An urgent cry for help brings Poirot to France. But he arrives too late to save his client, whose brutally stabbed body now lies face downwards in a shallow grave on a golf course.
But why is the dead man wearing his son's overcoat? And who was the impassioned love-letter in the pocket for? Before Poirot can answer these questions, the case is turned upside down by the discovery of a second, identically murdered corpse . . .
Topics: England, France, Private Investigators, Blackmail, Inheritance, Murder, Suspenseful, Series, 1920s, Village, 20th Century, Female Author, and British Author
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Redacted from the original blog review at dog eared copy, Hercule Poirot Mysteries (1-4): Mini Op-Ed Reviews, 10/10/2011more
Poirot's second characteristic is that he leaves forensic details to others because he can't waste time on clues like cigarette butts or blades of grass because frankly he knows nothing about them and he refuses to make himself look ridiculous moving his nose across the ground like a hound dog. Leave that for the dogs he says.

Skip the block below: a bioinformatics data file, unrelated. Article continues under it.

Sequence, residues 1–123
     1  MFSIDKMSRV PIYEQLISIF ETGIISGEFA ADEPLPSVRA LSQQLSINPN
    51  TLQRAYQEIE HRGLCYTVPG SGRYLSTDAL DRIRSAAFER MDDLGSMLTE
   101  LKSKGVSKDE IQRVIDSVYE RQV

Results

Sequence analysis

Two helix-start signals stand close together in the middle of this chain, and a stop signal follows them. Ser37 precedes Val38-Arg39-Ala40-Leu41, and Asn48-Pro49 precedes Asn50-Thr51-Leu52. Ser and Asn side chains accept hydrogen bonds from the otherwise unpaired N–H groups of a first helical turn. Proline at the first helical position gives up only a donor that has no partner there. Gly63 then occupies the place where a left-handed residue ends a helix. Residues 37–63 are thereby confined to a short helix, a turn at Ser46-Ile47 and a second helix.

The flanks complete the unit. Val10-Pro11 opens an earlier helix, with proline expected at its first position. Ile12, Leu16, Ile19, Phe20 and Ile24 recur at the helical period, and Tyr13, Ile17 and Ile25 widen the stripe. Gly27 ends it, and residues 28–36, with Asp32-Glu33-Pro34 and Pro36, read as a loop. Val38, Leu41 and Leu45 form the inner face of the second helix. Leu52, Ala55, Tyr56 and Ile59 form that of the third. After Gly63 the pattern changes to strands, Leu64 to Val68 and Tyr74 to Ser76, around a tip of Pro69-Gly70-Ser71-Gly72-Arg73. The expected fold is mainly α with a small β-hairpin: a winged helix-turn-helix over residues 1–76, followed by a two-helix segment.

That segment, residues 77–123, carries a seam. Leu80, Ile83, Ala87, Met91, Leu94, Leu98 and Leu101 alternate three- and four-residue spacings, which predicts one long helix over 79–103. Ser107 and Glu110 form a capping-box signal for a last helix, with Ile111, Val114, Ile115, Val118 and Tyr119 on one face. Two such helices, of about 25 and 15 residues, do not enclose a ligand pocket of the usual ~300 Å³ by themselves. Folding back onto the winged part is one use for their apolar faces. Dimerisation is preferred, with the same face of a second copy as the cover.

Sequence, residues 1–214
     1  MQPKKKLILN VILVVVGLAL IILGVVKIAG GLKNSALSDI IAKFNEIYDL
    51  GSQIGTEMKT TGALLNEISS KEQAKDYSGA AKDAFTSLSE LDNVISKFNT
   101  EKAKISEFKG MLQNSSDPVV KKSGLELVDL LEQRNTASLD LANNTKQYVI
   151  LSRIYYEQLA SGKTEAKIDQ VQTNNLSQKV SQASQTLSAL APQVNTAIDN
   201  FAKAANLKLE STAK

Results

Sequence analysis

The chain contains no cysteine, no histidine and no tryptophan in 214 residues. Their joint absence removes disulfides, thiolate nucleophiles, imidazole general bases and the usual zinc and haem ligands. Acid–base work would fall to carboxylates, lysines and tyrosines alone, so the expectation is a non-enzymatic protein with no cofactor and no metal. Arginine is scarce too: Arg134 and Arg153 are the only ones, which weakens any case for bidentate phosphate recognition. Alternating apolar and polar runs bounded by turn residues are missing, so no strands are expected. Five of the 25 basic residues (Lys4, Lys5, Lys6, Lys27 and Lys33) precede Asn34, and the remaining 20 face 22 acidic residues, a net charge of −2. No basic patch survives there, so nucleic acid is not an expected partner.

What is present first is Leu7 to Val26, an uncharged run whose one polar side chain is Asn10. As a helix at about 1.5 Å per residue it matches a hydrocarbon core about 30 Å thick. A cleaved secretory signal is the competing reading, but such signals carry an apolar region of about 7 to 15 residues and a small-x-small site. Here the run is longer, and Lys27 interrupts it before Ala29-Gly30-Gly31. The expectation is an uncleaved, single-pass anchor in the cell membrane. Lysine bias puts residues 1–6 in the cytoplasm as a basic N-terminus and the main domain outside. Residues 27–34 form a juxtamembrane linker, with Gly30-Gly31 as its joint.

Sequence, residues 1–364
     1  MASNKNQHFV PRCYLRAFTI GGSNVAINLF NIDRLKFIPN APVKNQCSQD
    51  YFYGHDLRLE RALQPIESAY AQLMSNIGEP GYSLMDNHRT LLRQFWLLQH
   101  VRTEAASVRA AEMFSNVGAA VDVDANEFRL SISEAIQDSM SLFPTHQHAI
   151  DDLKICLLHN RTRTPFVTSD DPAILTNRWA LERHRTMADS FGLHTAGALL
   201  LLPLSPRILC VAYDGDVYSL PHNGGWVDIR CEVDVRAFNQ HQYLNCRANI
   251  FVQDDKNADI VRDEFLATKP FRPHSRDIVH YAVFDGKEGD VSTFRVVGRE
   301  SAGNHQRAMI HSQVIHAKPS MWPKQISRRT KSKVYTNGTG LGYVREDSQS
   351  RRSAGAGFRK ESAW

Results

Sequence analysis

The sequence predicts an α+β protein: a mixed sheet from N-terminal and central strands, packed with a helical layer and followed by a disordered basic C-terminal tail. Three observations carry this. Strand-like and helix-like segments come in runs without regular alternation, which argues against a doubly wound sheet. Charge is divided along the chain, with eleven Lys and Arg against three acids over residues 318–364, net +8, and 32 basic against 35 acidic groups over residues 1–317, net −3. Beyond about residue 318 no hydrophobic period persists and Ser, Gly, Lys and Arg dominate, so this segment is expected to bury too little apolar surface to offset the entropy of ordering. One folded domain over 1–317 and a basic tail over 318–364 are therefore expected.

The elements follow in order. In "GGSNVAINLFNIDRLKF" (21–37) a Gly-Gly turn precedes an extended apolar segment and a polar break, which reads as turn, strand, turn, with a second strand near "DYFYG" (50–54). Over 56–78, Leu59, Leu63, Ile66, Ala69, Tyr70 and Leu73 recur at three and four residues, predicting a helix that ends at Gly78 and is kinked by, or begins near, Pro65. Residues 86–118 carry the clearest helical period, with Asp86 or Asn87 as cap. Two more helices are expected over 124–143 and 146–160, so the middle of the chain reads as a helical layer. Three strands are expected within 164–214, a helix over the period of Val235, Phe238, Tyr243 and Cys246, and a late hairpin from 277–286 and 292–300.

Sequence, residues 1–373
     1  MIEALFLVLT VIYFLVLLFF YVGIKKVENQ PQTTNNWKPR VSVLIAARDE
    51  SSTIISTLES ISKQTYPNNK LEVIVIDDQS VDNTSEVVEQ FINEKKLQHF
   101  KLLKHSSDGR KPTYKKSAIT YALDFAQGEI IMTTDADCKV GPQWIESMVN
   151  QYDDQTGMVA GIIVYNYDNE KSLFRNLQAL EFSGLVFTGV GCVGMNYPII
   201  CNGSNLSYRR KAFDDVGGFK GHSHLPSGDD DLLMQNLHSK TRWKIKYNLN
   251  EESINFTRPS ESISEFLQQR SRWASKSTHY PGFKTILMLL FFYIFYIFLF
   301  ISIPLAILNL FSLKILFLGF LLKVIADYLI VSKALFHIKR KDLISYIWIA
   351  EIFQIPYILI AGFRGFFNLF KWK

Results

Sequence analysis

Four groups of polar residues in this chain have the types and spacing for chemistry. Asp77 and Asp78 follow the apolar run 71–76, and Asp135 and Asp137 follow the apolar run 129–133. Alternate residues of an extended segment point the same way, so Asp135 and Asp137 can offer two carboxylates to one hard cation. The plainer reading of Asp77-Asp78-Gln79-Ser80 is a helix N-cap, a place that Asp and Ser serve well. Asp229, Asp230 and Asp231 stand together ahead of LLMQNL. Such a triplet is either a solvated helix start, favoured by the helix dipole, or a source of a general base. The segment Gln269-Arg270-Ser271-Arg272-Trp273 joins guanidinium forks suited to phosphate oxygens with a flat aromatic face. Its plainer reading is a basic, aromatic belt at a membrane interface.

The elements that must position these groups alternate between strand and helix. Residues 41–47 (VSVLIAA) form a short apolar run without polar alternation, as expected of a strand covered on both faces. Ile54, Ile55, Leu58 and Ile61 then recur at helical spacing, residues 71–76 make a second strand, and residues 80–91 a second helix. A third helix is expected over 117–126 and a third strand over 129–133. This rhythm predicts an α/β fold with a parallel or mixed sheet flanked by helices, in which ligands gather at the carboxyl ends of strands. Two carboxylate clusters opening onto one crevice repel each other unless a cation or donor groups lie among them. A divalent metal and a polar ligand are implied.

Poirot gets a frantic letter from France where a Mr. Renauld is in fear for his life. Despite leaving immediately with his friend Captain Hastings, he arrives too late. Renauld has been found in an open grave on a golf course wearing an overcoat which is too large for him over his underwear.
There are many entangled threads involving several mysterious characters that Poirot teases out in a delicate fashion all the while poor Captain Hasting is totally lost at sea. He is a lot more that a day late and a dollar short. It made me wonder just why Poirot puts up with him.
I like the early Poirot books the best because as yet you don't get tired of the little grey cells comments.more